The Sanctifying Work of Parenthood
A friend recently asked me if I could give her some parenting advice. I smiled and said that I couldn’t because I’m not an expert and don’t know really what I am doing. She laughed and remarked on the ways parenting humbles us. My friend did not realize just how true her statement was. For many years, I taught, counseled, advised, and trained parents in the raising of their children. It’s a remarkable testimony to God’s grace toward me that I’ve come to a point in my own parenting where I am not at the ready to give advice.
Many people describe marriage as the laboratory where our spiritual growth is fostered and developed. I find it to be equally true of parenting as well. God has used parenting in my life to refine and change me in ways I had not anticipated. He’s given me a child who requires more than I was trained to handle so that I would depend on him and not my own strength. I’ve also learned things about myself I never knew and have seen things in my heart I never wanted to see. I’ve come face to face with sins I didn’t know were buried deep inside, sins like impatience, selfishness, irritability, and discontent. While uncomfortable and sometimes downright painful, the sanctifying work of parenthood has been necessary and good.
Away with the Independence
Parenthood is an ideal place for sanctification in our lives. It’s an area of our life which we so desperately try to control. In a culture which relies on instant access to knowledge and facts, many of us turn to blogs, articles, tweets, and pins to find the solutions to the everyday challenges of raising children. We rely on our books, systems, and programs and when they fail, we despair or begin the search all over again. At least that’s what I’ve done.
And then God opened my eyes to see that something else was going on beneath the surface of my parenting challenges. I learned the reason why parenthood is often so hard — God uses parenthood to strip away our independence and the sin that keeps us from abiding in him. My true need wasn’t to find the perfect ‘get your child to sleep’ system or the best potty training program or even the top ten ways to get my kids to clean up after themselves, rather it was to see my desperate need to rely on the grace of God. Many times I sought joy and contentment in how perfectly behaved my children are or how smoothly my day went. Yet God knew that what I needed most is only found in him.
While I searched for ways to make parenting easier, God sent me deeper into the refiner’s fire, bringing mothering challenges in my life to point me to him, my only true source of joy and satisfaction.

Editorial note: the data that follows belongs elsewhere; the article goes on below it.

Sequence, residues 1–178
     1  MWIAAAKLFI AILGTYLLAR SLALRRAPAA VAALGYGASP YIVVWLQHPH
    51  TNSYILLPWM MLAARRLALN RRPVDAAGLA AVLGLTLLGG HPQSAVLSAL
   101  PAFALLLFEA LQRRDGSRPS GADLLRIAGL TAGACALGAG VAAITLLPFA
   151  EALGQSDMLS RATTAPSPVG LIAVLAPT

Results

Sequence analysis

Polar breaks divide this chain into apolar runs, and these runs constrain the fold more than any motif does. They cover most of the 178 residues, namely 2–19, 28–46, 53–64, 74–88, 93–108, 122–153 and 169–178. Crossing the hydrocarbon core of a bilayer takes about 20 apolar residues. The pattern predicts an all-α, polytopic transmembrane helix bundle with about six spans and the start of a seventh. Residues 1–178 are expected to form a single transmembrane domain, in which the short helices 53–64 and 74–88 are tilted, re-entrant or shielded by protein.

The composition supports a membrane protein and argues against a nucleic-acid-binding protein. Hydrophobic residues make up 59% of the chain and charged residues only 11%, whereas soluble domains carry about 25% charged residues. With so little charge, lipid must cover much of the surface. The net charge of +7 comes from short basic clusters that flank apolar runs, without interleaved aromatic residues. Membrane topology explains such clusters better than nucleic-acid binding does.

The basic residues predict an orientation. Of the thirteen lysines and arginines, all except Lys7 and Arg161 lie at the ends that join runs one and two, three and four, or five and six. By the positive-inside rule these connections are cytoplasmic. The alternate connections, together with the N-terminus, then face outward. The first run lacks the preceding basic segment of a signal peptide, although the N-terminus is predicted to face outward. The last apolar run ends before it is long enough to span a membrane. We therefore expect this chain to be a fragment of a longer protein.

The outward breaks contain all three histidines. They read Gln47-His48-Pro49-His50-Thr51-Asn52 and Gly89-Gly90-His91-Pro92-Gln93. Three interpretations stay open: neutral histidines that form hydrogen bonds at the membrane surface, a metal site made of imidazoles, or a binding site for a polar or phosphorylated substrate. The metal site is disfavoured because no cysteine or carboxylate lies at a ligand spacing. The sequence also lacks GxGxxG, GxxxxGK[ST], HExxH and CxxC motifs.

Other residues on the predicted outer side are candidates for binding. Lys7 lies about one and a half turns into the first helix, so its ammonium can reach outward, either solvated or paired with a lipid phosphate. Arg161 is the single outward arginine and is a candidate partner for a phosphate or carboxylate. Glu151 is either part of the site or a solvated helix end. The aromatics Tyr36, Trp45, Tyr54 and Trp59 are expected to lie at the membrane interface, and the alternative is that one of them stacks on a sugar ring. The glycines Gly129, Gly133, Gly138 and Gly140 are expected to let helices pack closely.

Some days, the refining process is painful and I want to say, “God, aren’t you finished with me yet?” On those days where I play referee more than I care, when young minds cannot seem to stay on task in school, and when the dryer breaks, yet again, I wonder why motherhood has to be so hard. But then I remember the gospel and God’s great love for me. *And have you forgotten the exhortation that addresses you as sons? “My son, do not regard lightly the discipline of the Lord, nor be weary when reproved by him”* (Hebrews 12:5). He doesn’t want to leave me where I am — he has something better in store. None of the challenges I face as a mother is wasted. None. He uses each and every one in the story of his gospel’s triumph in my life.
His goal isn’t to make my life comfortable, safe, and predictable, but to make me holy. *“For those whom he foreknew he also predestined to be conformed to the image of his Son, in order that he might be the firstborn among many brothers. And those whom he predestined he also called, and those whom he called he also justified, and those whom he justified he also glorified.”* (Romans 8:29–30)
Abandoned to His Work
Maybe you’ve found yourself there too. Life doesn’t seem to work the way you thought it would. Your children aren’t perfect, you are short on patience, and you don’t remember the last time you’ve had a decent night’s sleep. Know that God is at work in the midst of each and every rough day and parenting challenge.
Be vulnerable and abandon yourself to the work of his hand. See the sin he reveals in you and bring it straight to the cross. Remember that Jesus died for each and every parenting blunder you have done and will do in the future. Seek your joy in him and rely on his strength and wisdom alone. Find your hope in this truth, *“And I am sure of this, that he who began a good work in you will bring it to completion at the day of Jesus Christ”* (Philippians 1:6).
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